It's halfway through the 2006 Season and Raikkonen is nowhere in the championship. Renault's Fernando Alonso is attempting to defend his title but a resurgent Schumacher is making a comeback after a dismal 2005 Season for himself and the Scuderia.
Raikkonen's spell at McLaren was a like a seesaw. The Finn suffered some of the worst reliability issues a driver has ever faced. In 2002, he suffered 10 retirements in 17 races. He was able to challenge when the car lasted the full race distance with title challenges in 2003 and in 2005 - ending two points behind Schumacher in '03' and 21 points behind Alonso in '05'. Raikkonen's time at McLaren did yield nine wins and 27 podiums but it could have so much more - the other two seasons (2004 and 2006) were absolute right-offs. Overall, 26 serious technical failures in 103 starts, made for a very easy decision for Raikkonen.
Raikkonen is left with a choice when McLaren announced back at the start of the season that Alonso would be joining the team in 2007. But at the Italian GP, the home of Ferrari and the Tifosi, Schumacher announces his retirement. The void at the Scuderia would be filled by Raikkonen - who'd agreed a three-year deal in early September 2006.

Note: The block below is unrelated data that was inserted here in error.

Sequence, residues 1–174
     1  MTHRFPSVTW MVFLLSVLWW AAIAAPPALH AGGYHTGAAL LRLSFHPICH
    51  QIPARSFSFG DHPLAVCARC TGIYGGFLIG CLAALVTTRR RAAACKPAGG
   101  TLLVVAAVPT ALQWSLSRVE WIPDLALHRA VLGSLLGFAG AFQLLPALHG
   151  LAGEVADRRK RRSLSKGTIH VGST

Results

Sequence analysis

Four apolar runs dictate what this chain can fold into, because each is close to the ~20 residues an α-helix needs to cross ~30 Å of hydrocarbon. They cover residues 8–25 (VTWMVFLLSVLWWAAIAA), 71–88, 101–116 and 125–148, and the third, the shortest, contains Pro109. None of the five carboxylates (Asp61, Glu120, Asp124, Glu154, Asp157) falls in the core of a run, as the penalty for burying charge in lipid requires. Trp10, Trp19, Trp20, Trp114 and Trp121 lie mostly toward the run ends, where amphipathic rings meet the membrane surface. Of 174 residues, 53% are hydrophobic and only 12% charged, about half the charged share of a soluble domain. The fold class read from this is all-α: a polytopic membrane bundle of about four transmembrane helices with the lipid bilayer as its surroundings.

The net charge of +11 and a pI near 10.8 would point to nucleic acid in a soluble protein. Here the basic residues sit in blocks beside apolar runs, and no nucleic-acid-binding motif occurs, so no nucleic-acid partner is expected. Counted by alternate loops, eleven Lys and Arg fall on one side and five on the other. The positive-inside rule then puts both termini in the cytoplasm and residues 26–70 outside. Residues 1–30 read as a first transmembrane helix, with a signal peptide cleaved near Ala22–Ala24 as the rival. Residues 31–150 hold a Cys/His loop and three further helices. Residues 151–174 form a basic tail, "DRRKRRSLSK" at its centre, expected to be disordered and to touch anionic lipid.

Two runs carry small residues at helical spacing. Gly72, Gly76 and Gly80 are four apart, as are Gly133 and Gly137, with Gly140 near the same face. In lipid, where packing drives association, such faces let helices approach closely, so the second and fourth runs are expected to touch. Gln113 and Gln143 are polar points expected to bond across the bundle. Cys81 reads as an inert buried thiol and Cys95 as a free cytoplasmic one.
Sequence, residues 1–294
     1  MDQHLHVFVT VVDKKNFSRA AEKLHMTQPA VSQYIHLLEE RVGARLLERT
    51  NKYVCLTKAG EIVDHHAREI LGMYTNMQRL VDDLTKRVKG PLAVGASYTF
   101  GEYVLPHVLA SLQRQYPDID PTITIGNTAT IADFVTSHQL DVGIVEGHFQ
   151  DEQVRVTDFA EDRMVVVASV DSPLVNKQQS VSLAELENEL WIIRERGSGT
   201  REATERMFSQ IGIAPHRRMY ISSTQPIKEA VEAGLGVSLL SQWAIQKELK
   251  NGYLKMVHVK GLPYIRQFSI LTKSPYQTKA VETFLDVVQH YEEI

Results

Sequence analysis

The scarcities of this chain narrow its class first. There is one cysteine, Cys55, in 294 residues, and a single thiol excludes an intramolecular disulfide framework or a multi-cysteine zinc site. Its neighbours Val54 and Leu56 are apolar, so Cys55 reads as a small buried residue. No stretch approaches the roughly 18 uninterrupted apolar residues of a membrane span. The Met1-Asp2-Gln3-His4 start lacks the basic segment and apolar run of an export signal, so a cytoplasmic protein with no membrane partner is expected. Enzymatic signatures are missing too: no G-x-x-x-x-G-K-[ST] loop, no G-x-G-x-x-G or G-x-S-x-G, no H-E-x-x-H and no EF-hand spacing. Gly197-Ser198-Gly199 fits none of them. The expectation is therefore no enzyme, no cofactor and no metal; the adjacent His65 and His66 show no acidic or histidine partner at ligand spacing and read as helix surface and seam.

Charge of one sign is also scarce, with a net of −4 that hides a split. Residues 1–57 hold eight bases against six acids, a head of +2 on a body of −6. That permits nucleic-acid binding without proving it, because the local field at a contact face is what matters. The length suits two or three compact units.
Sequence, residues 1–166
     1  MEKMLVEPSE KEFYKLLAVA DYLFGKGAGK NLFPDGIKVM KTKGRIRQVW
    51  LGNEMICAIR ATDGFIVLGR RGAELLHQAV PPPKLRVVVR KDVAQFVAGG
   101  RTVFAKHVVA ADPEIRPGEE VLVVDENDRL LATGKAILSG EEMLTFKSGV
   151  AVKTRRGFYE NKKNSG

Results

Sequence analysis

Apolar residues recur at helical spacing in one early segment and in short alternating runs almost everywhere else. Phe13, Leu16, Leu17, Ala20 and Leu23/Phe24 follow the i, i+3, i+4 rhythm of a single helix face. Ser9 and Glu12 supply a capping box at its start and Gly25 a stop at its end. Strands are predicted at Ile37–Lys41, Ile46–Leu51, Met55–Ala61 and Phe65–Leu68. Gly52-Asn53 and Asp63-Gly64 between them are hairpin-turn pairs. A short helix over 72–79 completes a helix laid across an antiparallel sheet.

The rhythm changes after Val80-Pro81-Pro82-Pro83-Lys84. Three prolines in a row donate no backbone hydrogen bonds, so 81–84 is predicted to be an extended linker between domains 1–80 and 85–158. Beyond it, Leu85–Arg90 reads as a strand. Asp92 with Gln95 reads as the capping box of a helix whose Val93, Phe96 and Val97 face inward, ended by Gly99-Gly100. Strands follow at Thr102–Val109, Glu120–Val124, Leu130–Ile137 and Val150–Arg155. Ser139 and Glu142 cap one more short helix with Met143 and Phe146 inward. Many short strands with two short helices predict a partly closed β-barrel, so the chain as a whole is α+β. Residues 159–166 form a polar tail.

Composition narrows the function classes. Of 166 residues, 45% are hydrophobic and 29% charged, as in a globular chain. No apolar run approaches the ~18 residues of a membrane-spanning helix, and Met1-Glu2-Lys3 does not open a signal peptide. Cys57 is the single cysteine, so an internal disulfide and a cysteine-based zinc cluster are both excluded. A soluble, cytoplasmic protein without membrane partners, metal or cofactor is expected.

Raikkonen's first stint at Ferrari started well with Pole Position and Victory at the 2007 Season-opener in Melbourne, Australia - finishing ahead of 2006 Champion Alonso and newly signed GP2 Champion Lewis Hamilton. Two Third place finishes followed in Malaysia and in Bahrain where Alonso and Ferrari team-mate Felipe Massa won. A retirement in Spain and then only scoring 10 points in the next three races - compared to the 28 points scored by Championship Leader Hamilton - put Raikkonen well on the back-foot.